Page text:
Unbuckled Rear Passenger Deaths

deaths from unbuckled rear passenger belts

What you’ll learn from reading this article:

  • Seat belt statistics – both front and rear
  • Indiana seatbelt laws
  • Your ability to sue even if you were not wearing a seatbelt

Seatbelt Statistics

Most people recognize the importance of wearing seatbelts. Back in 2000, only 70.7% of front-seat passengers used seatbelts, but as of 2019, that number is 90.7%, according to the NSC (National Safety Council). Obviously, 100% would be better, because seatbelts are an essential tool in protecting vehicle occupants from death and injury in traffic collisions.

Some people have taken the invention of and efficacy of airbags as a sign that seatbelts are no longer necessary, but that couldn’t be further from the truth. Airbags were designed to be used in combination with seatbelts rather than as an alternative to them. In fact, airbags can even be forceful enough to seriously injure or kill you if you are not buckled up.

The NHTSA (National Highway Traffic Safety Organization) reported that in 2017 alone, seatbelts saved an estimated 14,955 lives and could have saved an additional 2,549 people if they had been wearing seatbelts.

Even more encouraging than the growth rate of seatbelt use in the United States is the fact that Indiana’s overall seat belt rates have actually exceeded national rates since 2009. According to the ICJI (Indiana Criminal Justice Institute), 93% of all Indiana passenger vehicle occupants wore seatbelts in 2018. That’s the average, but the car occupants had an even higher rate of compliance: 96%. Truck occupants had only 84% compliance. 

Both nationally and in Indiana occupants in the rear seat were far less likely than drivers or front-seat passengers to buckle up, (75% as opposed to 90% in 2017). As of 2017, only 28 states and the District of Columbia had laws requiring seat belts for all passengers. Also, only 35 states had primary enforcement laws.

These are laws that allow law enforcement officers to stop a vehicle for the sole reason that an occupant is unbelted. (In the remaining states, an officer of the law would only be able to issue a ticket to an unbelted rider if the vehicle had been stopped for another reason.) You will be glad to know that Indiana is one of the states requiring seatbelts for all and with primary enforcement laws, both of which have a clear connection to the state’s higher than average seatbelt use.

Why is it important for rear-seat passengers to be restrained?

Studies by the NHTSA show that in potentially fatal crashes involving back seat occupants age 5 and older (as you can imagine, there is a high rate of compliance for parents protecting their infants and very young children) the risk of fatal injury was reduced by 32% for people in cars and 63% for people in vans and SUVs who wore lap belts. The number is higher for shoulder belts.

Not only is it safer for the individual himself to be belted, but it is also safer for those seated in the car with him. Unless they are restrained, passengers in the rear can become a projectile capable of harming others, especially in a frontal crash.

What are the seatbelt laws in Indiana?

  • All passengers over the age of 16 must be restrained by a seatbelt, no matter where they are seated in the vehicle. You can be stopped, ticketed, and fined if you fail to observe this law. It would be considered a Class D infraction under Indiana Code § 34-28-5-4, which translates to a $25 fine.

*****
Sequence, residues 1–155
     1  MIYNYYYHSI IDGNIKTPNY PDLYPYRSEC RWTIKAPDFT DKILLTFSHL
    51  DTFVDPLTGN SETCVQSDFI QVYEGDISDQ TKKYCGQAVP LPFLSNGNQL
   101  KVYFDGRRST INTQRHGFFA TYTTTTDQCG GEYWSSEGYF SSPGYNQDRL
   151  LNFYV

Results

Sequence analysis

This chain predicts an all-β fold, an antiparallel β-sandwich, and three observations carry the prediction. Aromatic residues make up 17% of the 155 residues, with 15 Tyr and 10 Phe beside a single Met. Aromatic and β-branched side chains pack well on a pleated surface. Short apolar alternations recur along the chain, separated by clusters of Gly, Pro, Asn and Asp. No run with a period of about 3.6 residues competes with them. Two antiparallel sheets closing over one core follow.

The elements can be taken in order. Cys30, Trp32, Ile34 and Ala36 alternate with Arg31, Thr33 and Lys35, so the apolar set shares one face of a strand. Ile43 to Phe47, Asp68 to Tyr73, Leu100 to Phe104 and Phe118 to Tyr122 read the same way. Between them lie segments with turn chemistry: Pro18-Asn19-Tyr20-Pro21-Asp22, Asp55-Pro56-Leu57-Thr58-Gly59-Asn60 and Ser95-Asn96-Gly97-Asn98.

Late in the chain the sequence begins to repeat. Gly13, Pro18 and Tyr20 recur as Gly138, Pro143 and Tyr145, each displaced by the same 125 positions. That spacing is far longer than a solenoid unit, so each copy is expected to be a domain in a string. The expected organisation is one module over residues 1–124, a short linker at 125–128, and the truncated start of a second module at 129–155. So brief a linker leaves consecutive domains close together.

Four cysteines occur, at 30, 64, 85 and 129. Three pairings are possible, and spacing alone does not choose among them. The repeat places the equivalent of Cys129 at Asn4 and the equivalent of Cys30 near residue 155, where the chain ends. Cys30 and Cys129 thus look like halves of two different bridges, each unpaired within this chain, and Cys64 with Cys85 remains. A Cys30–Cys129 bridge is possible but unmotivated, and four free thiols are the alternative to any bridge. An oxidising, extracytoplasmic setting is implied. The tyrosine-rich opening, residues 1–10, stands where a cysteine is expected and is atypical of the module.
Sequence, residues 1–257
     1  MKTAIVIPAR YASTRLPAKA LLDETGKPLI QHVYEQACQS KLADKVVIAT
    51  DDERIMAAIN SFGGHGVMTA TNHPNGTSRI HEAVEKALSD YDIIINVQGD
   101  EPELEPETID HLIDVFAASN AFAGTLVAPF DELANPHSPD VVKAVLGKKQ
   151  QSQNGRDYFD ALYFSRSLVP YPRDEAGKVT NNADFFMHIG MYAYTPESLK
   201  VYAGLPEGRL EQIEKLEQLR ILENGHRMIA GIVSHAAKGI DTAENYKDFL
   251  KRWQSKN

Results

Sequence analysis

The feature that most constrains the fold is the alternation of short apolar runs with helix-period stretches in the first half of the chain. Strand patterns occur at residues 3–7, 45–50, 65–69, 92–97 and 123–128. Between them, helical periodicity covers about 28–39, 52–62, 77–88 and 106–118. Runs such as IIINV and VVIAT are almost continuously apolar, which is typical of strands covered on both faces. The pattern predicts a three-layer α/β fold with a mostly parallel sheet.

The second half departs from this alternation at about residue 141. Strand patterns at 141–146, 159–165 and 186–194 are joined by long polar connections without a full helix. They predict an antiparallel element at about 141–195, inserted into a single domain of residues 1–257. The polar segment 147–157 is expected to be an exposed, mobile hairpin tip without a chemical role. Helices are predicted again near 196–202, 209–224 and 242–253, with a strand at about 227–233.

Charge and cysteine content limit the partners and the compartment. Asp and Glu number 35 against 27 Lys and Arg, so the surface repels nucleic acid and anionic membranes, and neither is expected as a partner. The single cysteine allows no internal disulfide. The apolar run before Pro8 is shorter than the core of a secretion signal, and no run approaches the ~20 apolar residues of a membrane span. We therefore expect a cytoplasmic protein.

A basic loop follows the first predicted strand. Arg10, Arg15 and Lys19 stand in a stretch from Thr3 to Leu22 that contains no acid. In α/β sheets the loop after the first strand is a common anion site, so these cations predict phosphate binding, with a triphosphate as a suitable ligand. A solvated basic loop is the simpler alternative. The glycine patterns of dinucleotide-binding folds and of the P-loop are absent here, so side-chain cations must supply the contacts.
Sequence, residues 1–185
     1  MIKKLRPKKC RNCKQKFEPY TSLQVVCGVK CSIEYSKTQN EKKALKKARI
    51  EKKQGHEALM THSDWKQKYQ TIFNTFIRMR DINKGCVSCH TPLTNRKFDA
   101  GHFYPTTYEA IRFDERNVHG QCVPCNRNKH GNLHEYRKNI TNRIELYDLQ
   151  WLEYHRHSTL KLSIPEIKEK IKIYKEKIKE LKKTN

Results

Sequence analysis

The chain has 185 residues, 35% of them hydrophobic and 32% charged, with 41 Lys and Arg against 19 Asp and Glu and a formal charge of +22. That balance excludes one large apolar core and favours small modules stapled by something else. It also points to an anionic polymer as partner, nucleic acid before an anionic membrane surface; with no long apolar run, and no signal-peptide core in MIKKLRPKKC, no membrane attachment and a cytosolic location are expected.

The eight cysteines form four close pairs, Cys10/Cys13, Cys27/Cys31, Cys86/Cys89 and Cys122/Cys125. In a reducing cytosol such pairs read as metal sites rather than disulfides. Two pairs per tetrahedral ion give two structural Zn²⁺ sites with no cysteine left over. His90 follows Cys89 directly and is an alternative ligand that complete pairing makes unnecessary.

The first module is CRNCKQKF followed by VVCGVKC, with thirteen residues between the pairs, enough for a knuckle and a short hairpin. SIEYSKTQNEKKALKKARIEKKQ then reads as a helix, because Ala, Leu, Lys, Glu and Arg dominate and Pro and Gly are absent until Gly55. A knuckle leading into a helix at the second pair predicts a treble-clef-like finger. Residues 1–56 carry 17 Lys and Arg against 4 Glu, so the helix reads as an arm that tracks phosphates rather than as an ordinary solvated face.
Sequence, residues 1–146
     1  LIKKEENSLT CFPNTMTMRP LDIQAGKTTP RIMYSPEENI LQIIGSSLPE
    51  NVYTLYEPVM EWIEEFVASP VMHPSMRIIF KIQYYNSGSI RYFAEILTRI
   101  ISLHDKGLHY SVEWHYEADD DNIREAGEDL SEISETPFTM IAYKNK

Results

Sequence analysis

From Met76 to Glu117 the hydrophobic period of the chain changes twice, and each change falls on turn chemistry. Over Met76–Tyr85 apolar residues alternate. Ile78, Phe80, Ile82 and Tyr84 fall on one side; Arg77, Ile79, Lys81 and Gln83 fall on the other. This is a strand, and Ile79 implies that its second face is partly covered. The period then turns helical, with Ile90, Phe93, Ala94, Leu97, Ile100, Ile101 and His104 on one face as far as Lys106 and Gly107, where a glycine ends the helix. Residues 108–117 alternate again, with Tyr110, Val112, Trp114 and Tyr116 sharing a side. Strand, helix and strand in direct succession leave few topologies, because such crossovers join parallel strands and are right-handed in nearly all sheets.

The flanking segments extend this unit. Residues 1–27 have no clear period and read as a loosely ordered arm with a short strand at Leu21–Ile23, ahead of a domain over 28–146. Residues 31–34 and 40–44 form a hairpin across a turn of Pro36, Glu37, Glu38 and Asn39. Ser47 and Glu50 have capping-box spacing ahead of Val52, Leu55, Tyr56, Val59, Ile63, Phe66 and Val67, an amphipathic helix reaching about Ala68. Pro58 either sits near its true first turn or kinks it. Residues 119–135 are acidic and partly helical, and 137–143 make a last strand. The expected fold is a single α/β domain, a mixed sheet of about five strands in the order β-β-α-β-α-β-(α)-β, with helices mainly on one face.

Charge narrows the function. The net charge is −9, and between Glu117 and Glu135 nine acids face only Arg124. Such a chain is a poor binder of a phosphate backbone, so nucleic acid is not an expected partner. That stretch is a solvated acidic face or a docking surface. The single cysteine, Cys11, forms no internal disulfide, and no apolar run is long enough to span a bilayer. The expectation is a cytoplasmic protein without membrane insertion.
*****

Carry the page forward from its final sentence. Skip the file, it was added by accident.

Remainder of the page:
Children between the ages of 8 and 16 must either be restrained by a seatbelt or a child safety seat.
  • Children under the age of 8 must be properly restrained in a child safety seat or a booster seat (follow the manufacturer’s instructions for weight and height).
  • Children at least 30 lbs. may use a booster seat, but troopers encourage parents to keep their children restrained in a forward-facing seat until at least 40 lbs.
  • Children that are at least one-year-old and 20 lbs. may be restrained in a forward-facing child safety seat with an internal harness system.
  • Children under the age of one year and less than 20 lbs. MUST be restrained in a rear-facing child safety seat. Many newer seats will restrain a child rear-facing up to 30-35 lbs. Troopers encourage parents to keep their children rear-facing as long as possible.

Can you sue?

You or a loved one may have been injured in an accident that was not your fault. Let’s just say that you were not wearing your seatbelt at the time. Can you still sue the at-fault driver for your injuries or for the death of your loved one? Yes. The fact that you weren’t buckled up doesn’t change the fact that the other driver caused the accident. The other driver would not be able to use the “seat belt defense” to argue that your injuries were worse because you weren’t wearing a seat belt. Indiana doesn’t have the seat belt defense.

Indiana also does not have “no-fault” insurance. What this means is that the driver who is at fault is liable for your damages, medical bills, lost wages, long-term treatment, funeral costs, and any other expenses resulting from the accident. You need to prove that the other driver was at fault, and this is where you need an experienced and qualified accident attorney, like the ones at Poynter & Bucheri.

If you are injured in a car crash, seek immediate medical attention and then call our office to consult with one of our Indiana car accident lawyers. Visit our contact page to request a free case review or call 1-800-265-9881 or (317) 780-8000 to speak with a representative.